DORSET: Wootton Fitzpaine

The Barn at Champernhayes Dorset lr


By Tim Saunders

The Dorset countryside will always have a special place in my heart for no other reason than the fact that I spent many happy years of my childhood living in the county.
I am able to revisit this spectacular area for a long weekend to savour, reminisce and ponder during a stay at The Barn at Champernhayes in the quaintly named village of Wootton Fitzpaine not that far from the towns of Charmouth, Lyme Regis and Bridport.
Times change – I now have my wife and three children (five years and under) so it isn’t possible to go on long cross-country walks. I am therefore thankful for the large windows throughout this magnificent property that afford views across the vast expanse of countryside. The delight of both photographers and artists. No surprise then that Nicola Leader, famed for her countryside and wildlife paintings (counting astronaut Buzz Aldrin as a customer), lives down the road at Waytown near Bridport. During our winter stay we experience cold misty mornings that give way to sunshine just after lunchtime evolving into a red sky at night; a veritable shepherd’s delight. And those shepherds are certainly busy tending their flock of sheep directly outside.
We sit in comfort in this enormous thatched barn conversion with its three bathrooms and enough bedrooms to accommodate up to 12 guests. A glance at the visitors’ book shows that large families have stayed to celebrate milestone birthdays and special family occasions. Harriett immediately notices the wooden dinosaur skull on the floor by the staircase; a good reminder that we are at the Jurassic coast. Our stay allows us to try to relax and recharge our very tired batteries. Caroline and I are actually able to do this a little; Henry (11 months) is teething so is yet to make it through the night without waking every few hours. But Caroline is able to soak in a bath – a luxury she has missed since moving to our new home that currently only has a shower.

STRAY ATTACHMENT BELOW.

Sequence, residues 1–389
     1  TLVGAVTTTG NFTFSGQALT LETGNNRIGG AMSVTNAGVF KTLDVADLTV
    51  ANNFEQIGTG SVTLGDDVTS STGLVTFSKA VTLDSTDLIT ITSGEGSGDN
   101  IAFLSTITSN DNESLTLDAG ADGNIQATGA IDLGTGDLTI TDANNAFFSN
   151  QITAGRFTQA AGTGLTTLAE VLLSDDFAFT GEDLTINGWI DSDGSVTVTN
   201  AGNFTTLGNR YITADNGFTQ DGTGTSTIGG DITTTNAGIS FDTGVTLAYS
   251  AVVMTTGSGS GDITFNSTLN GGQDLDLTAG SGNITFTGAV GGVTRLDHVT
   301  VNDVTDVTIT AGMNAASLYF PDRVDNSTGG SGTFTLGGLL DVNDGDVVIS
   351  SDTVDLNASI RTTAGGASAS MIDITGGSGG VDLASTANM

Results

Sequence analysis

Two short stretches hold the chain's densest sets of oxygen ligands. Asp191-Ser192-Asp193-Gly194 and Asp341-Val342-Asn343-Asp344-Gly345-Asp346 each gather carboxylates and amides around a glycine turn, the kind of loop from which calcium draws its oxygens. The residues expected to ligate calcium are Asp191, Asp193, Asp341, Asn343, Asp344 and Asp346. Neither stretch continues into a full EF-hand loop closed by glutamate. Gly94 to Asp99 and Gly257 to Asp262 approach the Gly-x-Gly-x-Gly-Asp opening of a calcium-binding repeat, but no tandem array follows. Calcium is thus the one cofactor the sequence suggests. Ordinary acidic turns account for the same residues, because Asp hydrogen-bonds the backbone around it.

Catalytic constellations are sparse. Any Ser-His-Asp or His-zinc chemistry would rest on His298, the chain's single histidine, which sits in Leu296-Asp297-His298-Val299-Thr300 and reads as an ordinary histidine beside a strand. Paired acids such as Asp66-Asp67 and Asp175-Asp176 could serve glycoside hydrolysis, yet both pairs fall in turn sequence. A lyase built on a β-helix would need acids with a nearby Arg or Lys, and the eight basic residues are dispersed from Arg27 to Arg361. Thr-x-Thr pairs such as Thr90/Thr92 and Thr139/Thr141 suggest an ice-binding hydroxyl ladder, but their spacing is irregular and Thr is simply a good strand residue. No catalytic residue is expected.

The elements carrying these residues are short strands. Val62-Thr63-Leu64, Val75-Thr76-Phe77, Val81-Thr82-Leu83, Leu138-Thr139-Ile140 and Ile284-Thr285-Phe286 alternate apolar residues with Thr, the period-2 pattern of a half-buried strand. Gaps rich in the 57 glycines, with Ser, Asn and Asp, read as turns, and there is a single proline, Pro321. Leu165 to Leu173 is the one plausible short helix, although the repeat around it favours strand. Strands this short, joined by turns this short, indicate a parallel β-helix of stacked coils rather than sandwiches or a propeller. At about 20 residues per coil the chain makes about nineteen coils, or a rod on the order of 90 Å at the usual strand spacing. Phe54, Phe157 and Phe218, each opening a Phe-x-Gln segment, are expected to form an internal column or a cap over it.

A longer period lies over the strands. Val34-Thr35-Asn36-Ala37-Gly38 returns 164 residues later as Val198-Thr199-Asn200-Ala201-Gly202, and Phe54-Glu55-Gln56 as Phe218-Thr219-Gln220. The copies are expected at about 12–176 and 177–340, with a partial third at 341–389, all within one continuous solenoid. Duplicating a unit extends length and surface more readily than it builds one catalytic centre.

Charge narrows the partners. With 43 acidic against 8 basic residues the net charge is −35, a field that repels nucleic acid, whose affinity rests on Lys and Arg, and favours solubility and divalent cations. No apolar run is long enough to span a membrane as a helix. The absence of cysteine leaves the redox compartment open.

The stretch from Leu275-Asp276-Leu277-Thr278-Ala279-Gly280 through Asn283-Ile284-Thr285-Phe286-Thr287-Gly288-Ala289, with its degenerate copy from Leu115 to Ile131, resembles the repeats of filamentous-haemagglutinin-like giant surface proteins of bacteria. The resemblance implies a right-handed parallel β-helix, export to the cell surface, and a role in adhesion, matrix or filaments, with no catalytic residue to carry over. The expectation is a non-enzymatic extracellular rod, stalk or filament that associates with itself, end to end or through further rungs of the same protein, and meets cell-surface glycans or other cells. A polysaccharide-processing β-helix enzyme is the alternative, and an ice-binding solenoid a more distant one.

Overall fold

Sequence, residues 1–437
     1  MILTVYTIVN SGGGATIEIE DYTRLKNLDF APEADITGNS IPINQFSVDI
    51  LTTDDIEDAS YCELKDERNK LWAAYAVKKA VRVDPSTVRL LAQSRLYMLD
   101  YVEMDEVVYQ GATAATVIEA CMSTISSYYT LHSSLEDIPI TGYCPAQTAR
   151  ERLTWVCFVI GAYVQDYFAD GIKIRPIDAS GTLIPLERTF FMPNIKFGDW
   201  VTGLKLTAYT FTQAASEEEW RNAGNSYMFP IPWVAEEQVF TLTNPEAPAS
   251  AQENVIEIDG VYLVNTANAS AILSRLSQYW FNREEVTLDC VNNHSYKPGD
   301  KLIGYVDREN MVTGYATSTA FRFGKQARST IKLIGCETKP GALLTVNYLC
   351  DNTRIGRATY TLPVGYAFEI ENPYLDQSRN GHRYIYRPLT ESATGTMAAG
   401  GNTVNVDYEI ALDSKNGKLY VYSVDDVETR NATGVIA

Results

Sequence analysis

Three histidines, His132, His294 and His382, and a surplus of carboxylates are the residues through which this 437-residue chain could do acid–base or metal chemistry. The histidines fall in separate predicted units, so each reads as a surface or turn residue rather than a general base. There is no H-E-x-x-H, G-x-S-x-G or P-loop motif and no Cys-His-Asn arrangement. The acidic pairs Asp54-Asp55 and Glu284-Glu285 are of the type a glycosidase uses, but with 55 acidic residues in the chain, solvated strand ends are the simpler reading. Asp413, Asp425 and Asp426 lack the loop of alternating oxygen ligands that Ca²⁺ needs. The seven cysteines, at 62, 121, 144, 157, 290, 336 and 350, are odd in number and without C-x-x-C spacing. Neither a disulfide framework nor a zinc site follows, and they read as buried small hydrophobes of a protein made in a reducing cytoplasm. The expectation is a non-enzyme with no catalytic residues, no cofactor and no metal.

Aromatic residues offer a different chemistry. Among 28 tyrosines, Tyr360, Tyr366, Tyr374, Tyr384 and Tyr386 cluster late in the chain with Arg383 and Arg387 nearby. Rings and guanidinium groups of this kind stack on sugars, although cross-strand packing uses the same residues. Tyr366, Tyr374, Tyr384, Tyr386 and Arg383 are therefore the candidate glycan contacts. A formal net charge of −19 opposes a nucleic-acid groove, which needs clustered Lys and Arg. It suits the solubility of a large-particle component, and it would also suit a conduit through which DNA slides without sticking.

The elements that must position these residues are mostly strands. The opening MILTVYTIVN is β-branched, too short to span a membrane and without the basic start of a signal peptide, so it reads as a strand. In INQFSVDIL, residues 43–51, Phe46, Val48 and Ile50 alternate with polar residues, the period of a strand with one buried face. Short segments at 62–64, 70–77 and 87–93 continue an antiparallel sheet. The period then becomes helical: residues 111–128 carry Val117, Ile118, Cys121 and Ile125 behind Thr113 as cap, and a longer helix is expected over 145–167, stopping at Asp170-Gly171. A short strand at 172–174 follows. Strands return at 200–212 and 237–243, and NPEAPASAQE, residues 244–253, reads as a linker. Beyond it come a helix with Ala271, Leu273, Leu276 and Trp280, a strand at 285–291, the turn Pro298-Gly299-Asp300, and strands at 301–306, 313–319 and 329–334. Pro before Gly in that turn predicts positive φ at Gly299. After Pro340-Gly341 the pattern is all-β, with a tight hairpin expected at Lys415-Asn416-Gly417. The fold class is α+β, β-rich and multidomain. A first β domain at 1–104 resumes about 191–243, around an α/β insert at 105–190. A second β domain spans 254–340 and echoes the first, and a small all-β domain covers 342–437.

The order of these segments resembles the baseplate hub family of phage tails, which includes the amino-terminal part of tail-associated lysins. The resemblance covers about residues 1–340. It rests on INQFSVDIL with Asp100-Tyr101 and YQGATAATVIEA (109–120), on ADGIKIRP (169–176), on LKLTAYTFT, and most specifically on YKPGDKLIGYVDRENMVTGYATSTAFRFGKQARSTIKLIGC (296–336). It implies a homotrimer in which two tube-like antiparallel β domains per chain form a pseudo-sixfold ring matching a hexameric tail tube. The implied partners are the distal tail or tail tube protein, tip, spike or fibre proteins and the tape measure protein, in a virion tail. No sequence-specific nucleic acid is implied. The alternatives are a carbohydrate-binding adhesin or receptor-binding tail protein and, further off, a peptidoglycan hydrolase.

Our favourite room at The Barn has to be the farmhouse kitchen with its flagstone floor and large oil fired Aga, which effortlessly continually heats the room; splendid on a cold day. An Aga is also a fantastic cooker which creates an occasion out of the mundane task. It doesn’t take long to become accustomed to lifting the hob lids or opening one of the oven doors. We while away some time sitting at the kitchen table playing board games and reading magazines.
The children enjoy watching a Wallace and Gromit DVD from the onsite library near the indoor pool. The 4ft deep swimming pool provides a great opportunity for our three little rascals to improve their swimming skills. It is divided into a small pool, which is ideal for the children especially baby Henry. The larger pool is large enough for swimming. We purposely do not take any swimming aids and are really pleased to see how Heidi’s confidence grows through just a couple of visits. Caroline and I are each briefly able to do some lengths and discover that pushing a button in the main pool produces a current effect not dissimilar to swimming in the sea. This means that although the pool is not full size, swimmers can very easily enjoy a good workout.
In all there are six self-catering holiday cottages to choose from at Champernhayes, which is well placed for exploring much of the Jurassic Coast.
Dorset artist Nicola Leader exhibits in a Creative Coverage Mixed Exhibition at Upwey Village Hall, Church Street, Upwey, Weymouth on June 24 and 25, 2017.

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